Listen to the Kennedy administration fat shame kids in 1961

Originally published at: Listen to the Kennedy administration fat shame kids in 1961 | Boing Boing


One of the great Robert Preston’s rare missteps as a performer.

I’m willing to bet that most Happy Mutants of a certain age here loathed this physical fitness test (really more of a competition) as much as I did.


I think I heard that song on Dr Demento back in the day.


I am told that MIT’s response to Kennedy’s call for greater physical fitness in the schools was to create their tiddlywinks club.


I’ve been doing CrossFit for about four years now – and down sustainably about 50# from the beginning of COVID – without injury, but when certain things come up that I just can’t do (pull-ups), I’m warped back to the shame of that stupid thing.

(And I remember this record very much from 1978/1979 2d/3d grade)


I couldn’t be assed to give any effort, but another kid in my school ran the mile at a sprint and collapsed afterward. I definitely didn’t learn the lesson from it that they intended.


According to the Wikipedia: In 2014, “Chicken Fat” was used in a TV commercial by Apple Inc. to promote its new iOS 8 health application. The commercial shows people swimming, running, and checking their weight while connected to iPhone apps and accessories to a recording of “Chicken Fat”.[4][5] It was reported to be a 2000 recording by Bernie Knee, a jingle writer and part-time cantor, which was released by Kimbo Educational Music,[1][6] though he died in 1994.[7] Separately, it was reported that it was a new recording but that Apple would not name the singer.[8]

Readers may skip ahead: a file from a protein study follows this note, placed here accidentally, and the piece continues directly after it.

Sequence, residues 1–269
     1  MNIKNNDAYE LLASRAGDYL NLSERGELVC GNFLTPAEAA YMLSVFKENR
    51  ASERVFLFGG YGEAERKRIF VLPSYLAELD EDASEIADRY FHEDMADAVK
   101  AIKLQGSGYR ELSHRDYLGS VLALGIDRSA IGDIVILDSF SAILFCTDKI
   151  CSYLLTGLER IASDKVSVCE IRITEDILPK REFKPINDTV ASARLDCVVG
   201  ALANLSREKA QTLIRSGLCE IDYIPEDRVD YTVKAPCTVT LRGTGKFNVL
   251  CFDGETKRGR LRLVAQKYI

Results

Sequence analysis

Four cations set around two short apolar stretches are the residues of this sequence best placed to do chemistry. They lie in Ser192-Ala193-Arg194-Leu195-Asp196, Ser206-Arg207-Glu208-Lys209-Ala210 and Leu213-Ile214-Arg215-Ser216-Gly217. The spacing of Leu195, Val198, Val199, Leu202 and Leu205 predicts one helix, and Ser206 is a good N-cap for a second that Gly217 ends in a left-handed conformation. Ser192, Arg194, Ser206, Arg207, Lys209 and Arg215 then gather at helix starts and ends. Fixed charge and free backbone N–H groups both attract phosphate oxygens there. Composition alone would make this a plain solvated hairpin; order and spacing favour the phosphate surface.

The final citation is to a NYT article that is behind the paywall.


I’ve been exercising regularly for more than a decade now. I would have started a lot sooner if not for lunkhead PE teachers pushing this culture.